October 27-30, 2016
Welcome to the Marian Garcia International Piano Competition and Teacher Workshop page! Hosted by the Penn State School of Music's piano faculty, our event typically includes competitions for collegiate and high school pianists, masterclasses, music teacher workshops, and recitals. The festival was created through a generous grant of Edith Garcia, mother of local physician Dr. Marian Garcia.
This year, we are proud to present internationally renowned pianist Anton Nel as a guest artist. A faculty member at the University of Texas at Austin, Nel will play a two-piano recital with Penn State piano faculty member Christopher Guzman on Saturday evening, October 29, and also present a masterclass. In addition, faculty member Jose Ramon Mendez will perform a solo recital on Thursday evening, October 27.
Registrants will also have the special opportunity to hear 2015 first-prize winner of the International Chopin International Competition Seong-Jin Cho perform the Beethoven Piano Concerto No. 3 in C Minor, Op. 37 with the Warsaw Symphony Orchestra on Friday evening, October 28 in Penn State's beautiful Eisenhower Auditorium (ticket required - information available soon).
High School Competition
The high school competition will be held on Sunday, October 30, 2016 in Esber Recital Hall. It is open to students currently in grades 9-12. First prize is $750; second prize is $400. Senior winners of the competition who are accepted as music majors at the School of Music are guaranteed a minimum of $5,000 in tuition scholarship at Penn State. The application deadline is October 10. For details and application information, click here.
The collegiate competition will be held on Friday, October 28 and Saturday, October 29 in Esber Recital Hall. It is open to students who are enrolled and currently pursuing undergraduate or graduate level music studies. First prize is $1,000; second prize is $400. The application deadline is October 10. For details and application information, click here
There will be opportunities for high school and collegiate pianists to participate in masterclasses with guest Anton Nel as well as Penn State faculty members Christopher Guzman, Jose Ramon Mendez, and Timothy Shafer. Students who have applied to the Garcia competitions are eligible to participate. A Youtube video is required as part of the application. For more information, click here.
Workshops for piano teachers will include interactive sessions on topics related to piano teaching by Christopher Guzman and Timothy Shafer. Topics will range from strategies and repertoire for intermediate students to preparing high school seniors for collegiate audition and competitions. These workshops are offered FREE OF CHARGE, but registration is required. For more information, click here.
Thursday, October 27
- 7:30 p.m. Solo Recital - Jose Ramon Mendez, piano (Esber Recital Hall) - Click here for recital program.
Friday, October 28
- 9:00 a.m.- 4:00 p.m. Collegiate Competition, Day 1 (Esber Recital Hall)
- 11:00 a.m. -12:00 p.m. "Intermediate Repertoire of Franz Liszt" presented by Dr. Timothy Shafer
- 1:30 - 3:30 p.m. Anton Nel masterclass for Penn State students
- 3:30 -5:00 p.m. Christopher Guzman masterclass
- 5:00 p.m. Dinner on your own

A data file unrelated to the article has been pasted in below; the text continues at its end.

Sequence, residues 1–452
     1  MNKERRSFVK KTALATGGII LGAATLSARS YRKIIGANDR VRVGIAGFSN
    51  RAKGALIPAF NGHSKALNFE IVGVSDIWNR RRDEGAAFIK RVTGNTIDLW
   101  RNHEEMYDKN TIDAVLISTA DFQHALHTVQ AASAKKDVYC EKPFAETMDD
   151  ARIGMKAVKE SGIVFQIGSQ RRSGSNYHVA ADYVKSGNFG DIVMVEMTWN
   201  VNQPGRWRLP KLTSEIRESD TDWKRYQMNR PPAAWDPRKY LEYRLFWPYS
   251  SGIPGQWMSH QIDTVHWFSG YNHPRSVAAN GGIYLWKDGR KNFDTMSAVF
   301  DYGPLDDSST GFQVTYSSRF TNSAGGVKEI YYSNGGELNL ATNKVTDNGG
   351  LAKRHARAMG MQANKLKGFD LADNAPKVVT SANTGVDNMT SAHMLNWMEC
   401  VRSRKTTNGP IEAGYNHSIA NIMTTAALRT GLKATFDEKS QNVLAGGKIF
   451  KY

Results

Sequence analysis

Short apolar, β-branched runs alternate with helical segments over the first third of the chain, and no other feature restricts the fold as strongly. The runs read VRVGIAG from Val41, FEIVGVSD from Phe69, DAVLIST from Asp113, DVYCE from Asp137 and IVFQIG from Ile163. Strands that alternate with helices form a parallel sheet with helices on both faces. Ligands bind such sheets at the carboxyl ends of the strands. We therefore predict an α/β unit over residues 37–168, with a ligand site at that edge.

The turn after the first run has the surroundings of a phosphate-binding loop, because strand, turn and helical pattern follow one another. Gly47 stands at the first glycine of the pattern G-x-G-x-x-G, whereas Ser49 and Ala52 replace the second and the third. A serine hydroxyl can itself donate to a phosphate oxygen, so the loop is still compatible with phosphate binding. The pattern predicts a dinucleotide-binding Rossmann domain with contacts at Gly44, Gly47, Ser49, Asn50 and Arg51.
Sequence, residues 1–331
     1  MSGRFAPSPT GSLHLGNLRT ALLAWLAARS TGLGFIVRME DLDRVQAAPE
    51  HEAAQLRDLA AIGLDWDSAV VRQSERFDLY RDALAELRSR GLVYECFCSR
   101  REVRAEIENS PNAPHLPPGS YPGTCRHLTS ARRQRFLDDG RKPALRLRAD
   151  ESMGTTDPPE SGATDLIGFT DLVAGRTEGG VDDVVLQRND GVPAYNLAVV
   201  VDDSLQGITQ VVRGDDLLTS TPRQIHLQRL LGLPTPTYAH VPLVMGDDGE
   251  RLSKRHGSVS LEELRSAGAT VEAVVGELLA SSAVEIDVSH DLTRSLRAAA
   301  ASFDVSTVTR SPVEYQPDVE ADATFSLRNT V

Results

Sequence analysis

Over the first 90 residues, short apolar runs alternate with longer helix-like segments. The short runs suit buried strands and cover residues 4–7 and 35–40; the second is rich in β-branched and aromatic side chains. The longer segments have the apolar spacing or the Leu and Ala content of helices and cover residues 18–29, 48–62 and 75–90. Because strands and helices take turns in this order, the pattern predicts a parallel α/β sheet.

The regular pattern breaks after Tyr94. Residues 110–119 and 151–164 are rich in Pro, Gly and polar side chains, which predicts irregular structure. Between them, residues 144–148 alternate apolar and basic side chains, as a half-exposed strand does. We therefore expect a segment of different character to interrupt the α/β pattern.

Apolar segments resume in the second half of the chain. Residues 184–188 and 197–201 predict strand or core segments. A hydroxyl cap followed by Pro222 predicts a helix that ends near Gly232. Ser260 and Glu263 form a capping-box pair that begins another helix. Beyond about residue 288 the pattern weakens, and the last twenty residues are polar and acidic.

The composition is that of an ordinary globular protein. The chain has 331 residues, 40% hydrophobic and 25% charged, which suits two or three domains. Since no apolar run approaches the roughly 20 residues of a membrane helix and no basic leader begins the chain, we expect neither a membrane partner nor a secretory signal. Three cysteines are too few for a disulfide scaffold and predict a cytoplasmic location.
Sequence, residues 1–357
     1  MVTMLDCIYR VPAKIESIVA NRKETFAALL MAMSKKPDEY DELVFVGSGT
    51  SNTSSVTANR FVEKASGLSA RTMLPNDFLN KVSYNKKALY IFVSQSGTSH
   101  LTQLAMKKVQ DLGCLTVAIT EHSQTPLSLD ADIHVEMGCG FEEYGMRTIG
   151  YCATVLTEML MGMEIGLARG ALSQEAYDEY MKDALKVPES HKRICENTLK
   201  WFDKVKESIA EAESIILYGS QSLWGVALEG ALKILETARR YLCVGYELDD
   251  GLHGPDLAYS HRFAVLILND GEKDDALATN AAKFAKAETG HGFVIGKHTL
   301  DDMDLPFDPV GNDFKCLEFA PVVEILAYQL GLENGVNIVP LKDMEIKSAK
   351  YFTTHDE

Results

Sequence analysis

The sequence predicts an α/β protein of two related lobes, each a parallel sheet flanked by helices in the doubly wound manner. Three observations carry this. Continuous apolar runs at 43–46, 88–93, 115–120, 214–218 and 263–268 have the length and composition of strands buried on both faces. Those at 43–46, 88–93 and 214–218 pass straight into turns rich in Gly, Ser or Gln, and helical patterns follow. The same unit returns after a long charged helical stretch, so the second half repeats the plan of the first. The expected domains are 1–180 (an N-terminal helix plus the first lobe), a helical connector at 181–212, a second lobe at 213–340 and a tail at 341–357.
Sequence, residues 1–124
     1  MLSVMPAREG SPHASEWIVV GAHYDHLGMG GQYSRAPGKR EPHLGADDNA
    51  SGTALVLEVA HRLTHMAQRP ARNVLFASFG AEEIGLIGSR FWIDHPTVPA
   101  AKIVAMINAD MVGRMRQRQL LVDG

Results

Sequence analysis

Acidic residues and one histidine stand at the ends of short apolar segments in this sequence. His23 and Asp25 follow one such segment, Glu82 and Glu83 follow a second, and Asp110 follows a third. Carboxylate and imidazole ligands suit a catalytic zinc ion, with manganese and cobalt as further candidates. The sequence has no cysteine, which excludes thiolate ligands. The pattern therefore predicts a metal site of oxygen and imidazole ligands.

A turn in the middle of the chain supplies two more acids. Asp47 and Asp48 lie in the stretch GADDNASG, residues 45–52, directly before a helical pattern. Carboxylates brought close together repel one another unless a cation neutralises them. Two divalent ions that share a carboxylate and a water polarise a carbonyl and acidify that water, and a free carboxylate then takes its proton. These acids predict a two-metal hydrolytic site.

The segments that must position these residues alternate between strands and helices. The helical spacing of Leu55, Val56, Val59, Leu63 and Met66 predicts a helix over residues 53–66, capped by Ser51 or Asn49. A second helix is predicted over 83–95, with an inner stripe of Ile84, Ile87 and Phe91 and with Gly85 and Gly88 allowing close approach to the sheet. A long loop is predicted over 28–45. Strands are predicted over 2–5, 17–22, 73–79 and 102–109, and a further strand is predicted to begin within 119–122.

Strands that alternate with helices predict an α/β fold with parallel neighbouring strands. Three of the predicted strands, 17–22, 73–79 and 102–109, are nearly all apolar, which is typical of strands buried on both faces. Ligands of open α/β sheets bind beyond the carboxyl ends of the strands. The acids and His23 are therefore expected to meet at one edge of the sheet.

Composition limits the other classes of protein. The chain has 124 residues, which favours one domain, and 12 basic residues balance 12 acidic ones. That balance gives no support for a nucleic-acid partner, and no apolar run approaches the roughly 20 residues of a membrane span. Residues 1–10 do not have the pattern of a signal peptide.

- 7:30 p.m. Pianist Seong-Jin Cho with the Warsaw Symphony Orchestra (Beethoven Piano Concerto No. 3 in C Minor, Op. 37). The orchestra's program also includes Mieczyslaw Weinberg’s Polish Melodies Op. 47, No. 2, and Johannes Brahms’ Symphony No. 1 in C Minor, Op. 68. Concert produced by the Classical Music Project of Penn State's Center for the Performing Arts. (Ticket required - information available soon.)
Saturday, October 29
- 9:00 a.m. - 4:00 p.m. Collegiate Competition, Day 2 (Esber Recital Hall)
- 10:00 -11:30 a.m. Anton Nel masterclass
- 1:00 - 2:30 p.m. "The Art of the Fugue, Deconstructed" presented by Dr. Kristin Stephenson
- 2:30 - 4:00 p.m. Timothy Shafer masterclass
- 4:00 - 5:30 p.m. Jose Ramon Mendez masterclass
- 5:30 p.m. Dinner on your own
- 7:30 p.m. Christopher Guzman and guest artist Anton Nel Two-piano Recital (Esber Recital Hall) - Click here for recital program.
- Winners' Announcement will follow recital
- 9:00 a.m.- 3:00 p.m. High School Competition (Esber Recital Hall)
- Winners' Announcement will follow the competition
Click for a list of judges and their biographies.
Click for information regarding hotels and accommodations.
Anton Nel, winner of the first prize in the 1987 Naumburg International Piano Competition at Carnegie Hall, enjoys a remarkable and multifaceted career that has taken him to North and South America, Europe, Asia, and South Africa. Following an auspicious debut at the age of 12 with Beethoven’s C Major concerto after only two years of study, the Johannesburg native captured first prizes in all the major South African competitions while still in his teens, toured his native country extensively, and became a well-known radio and television personality.
A student of Adolph Hallis, Nel made his European debut in France in 1982 and, in the same year, graduated with highest distinction from the University of the Witwatersrand in Johannesburg. He came to the United States in 1983, attending the University of Cincinnati, where he pursued his master’s and doctorate degrees under Bela Siki and Frank Weinstock. In addition to garnering many awards from his alma mater during this three-year period, he was a prize winner at the 1984 Leeds International Piano Competition in England and won several first prizes at the Joanna Hodges International Piano Competition in Palm Desert in 1986.